Please feel free to bring and use your laptops / other electronics to class if it helps in the discussion (e.g. to look at your paper notes) or you use it to take notes. However, I expect students to actively participate in discussion, so please don't use your laptop for non-class related things. E.g., if you are on a tight paper deadline, please let me know that you can't attend and work on the paper in an environment that would be more conducive to writing.

AI Tools

You can use automated tools like Grammarly, Copilot, ChatGPT, etc. However, just like I will ask for attribution in final group project reports, you need to report the use of these tools in any relevant artifacts you produce (code and writing).

Academic Integrity and Collaboration

In day-to-day readings and discussions, you should read papers independently, but discussions will be heavily collaborative. After-meeting summaries should be your own work. In the course project, I strongly encourage group work: however, please keep me updated throughout the semester with respect to who is in which groups, and in final project, you will need to report attribution for different members of the group (i.e., who did what). You may not copy other students' work. Academic integrity and ethical conduct are of utmost importance at UC Berkeley.


We are committed to creating a learning environment welcoming of all students that supports a diversity of thoughts, perspectives and experiences, and respects your identities and backgrounds (including race/ethnicity, nationality, gender identity, socioeconomic class, sexual orientation, language, religion, ability, etc.) To help accomplish this:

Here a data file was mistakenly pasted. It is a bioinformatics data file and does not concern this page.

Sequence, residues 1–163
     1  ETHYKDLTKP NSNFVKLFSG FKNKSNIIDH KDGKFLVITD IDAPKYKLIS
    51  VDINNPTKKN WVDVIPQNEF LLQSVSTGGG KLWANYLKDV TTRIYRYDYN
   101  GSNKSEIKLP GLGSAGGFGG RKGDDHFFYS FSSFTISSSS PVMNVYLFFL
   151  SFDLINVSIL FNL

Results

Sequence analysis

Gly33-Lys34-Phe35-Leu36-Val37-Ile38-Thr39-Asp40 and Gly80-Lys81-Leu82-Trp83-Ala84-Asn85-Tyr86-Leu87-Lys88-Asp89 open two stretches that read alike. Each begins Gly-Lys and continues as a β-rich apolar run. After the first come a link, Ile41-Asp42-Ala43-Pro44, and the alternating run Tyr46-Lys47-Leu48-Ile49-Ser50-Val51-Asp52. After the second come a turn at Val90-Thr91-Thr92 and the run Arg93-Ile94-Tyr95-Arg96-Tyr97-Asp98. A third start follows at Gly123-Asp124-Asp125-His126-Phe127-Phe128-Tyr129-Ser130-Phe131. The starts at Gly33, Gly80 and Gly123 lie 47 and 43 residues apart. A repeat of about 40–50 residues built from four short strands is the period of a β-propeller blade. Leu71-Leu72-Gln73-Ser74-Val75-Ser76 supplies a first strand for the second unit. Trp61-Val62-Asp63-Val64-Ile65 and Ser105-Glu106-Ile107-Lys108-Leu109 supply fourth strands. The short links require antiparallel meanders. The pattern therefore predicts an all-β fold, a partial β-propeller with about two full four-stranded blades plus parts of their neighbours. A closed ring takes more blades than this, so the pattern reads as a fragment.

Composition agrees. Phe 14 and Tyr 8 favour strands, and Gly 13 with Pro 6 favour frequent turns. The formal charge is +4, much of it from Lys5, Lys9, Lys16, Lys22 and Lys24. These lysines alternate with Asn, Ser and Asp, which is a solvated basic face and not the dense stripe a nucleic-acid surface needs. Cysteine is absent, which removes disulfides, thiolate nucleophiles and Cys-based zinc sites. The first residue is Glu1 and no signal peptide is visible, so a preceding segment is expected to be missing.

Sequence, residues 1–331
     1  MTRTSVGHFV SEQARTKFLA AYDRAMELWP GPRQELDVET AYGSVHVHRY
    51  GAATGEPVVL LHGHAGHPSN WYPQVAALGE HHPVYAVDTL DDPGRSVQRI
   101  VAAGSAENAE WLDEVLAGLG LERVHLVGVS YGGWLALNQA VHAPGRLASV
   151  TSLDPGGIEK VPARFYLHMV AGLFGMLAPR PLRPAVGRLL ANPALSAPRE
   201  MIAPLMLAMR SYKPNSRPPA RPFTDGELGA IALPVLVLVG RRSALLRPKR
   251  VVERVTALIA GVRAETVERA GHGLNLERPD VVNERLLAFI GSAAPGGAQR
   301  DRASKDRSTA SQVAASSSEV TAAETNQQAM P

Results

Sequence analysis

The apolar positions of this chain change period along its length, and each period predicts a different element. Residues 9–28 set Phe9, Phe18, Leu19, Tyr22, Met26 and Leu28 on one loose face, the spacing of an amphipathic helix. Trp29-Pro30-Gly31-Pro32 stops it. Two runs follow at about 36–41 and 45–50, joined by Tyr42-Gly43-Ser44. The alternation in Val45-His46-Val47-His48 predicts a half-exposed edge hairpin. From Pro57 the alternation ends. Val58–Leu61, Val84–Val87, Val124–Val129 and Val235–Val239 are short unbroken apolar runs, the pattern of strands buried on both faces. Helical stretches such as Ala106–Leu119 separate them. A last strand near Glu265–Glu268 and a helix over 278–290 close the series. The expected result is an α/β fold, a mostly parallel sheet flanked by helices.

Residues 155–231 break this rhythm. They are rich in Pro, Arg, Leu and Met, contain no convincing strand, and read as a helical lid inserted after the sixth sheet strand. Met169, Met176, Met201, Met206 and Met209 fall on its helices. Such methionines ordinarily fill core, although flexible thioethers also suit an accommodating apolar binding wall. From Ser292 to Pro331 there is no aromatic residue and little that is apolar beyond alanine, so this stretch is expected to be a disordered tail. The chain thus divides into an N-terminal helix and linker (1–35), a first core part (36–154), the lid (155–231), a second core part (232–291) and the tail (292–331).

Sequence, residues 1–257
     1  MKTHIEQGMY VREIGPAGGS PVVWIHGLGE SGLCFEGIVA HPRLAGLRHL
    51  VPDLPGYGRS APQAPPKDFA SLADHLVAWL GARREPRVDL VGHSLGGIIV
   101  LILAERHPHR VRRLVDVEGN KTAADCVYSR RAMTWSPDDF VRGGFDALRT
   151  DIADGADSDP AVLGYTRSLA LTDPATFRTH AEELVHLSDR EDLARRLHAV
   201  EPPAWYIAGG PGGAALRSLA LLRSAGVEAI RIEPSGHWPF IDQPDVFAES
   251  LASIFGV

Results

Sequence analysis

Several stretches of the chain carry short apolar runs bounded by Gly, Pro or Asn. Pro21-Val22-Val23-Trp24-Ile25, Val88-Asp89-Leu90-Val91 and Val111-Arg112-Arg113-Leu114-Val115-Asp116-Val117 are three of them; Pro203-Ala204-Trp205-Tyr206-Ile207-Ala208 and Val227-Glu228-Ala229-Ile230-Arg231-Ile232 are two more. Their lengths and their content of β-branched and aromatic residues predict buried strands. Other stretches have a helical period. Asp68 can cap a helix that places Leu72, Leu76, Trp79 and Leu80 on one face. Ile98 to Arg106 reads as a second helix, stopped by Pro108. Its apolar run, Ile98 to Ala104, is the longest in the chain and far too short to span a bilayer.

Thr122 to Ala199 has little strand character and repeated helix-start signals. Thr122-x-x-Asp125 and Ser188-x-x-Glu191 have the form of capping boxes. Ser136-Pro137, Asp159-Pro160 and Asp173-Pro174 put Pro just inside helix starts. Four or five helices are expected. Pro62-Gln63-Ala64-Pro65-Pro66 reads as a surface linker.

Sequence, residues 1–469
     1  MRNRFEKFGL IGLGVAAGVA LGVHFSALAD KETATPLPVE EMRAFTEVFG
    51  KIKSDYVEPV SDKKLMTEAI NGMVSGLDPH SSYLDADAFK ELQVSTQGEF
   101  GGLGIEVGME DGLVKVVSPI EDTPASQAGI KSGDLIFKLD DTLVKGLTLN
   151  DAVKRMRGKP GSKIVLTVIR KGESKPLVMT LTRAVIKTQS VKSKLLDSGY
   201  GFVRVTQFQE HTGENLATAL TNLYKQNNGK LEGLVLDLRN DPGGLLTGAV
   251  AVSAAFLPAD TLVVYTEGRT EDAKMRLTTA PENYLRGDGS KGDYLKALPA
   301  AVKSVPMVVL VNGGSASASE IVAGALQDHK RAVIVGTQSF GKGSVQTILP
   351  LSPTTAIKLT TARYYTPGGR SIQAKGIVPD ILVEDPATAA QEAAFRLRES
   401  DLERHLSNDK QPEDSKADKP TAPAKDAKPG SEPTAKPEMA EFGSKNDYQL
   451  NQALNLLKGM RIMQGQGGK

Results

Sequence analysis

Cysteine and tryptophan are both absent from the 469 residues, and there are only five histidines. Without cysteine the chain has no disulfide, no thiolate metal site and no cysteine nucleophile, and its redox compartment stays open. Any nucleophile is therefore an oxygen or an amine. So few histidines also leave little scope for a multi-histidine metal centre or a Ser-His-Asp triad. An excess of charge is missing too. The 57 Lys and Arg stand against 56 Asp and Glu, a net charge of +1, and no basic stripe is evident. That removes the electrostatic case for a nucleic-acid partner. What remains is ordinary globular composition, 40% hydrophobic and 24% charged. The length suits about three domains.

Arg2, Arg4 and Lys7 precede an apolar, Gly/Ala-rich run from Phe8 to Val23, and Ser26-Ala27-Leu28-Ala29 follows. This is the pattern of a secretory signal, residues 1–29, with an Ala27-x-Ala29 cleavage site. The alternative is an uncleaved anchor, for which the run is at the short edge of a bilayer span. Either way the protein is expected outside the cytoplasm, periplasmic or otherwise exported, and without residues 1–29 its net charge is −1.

• If you have a name and/or set of pronouns that differ from those that appear in your official records, please let us know. The first-week intro form will allow you to share this with me.
  • If you feel like your performance in the class is being impacted by your experiences outside of class (e.g., family matters, current events), please don’t hesitate to come and talk with us. We want to be resources for you.
  • We (like many people) are still in the process of learning about diverse perspectives and identities. If something was said in class (by anyone) that made you feel uncomfortable, please talk to us about it. You may also contact the CS department’s Faculty Equity Advisor Prof. Armando Fox (
  • As a participant in this class, recognize that you can be proactive about making other students feel included and respected.


We honor and respect the different learning needs of our students, and are committed to ensuring you have the resources you need to succeed in our class. If you need religious or disability-related accommodations, if you have emergency medical information you wish to share with us, or if you need special arrangements in case the building must be evacuated, please share this information with us as soon as possible. You may speak with either instructor privately after class or during office hours.

The Disabled Student’s Program (DSP, 260 César Chávez Student Center #4250; 510-642-0518; serves students with disabilities of all kinds. Services are individually designed and based on the specific needs of each student as identified by DSP's Specialists.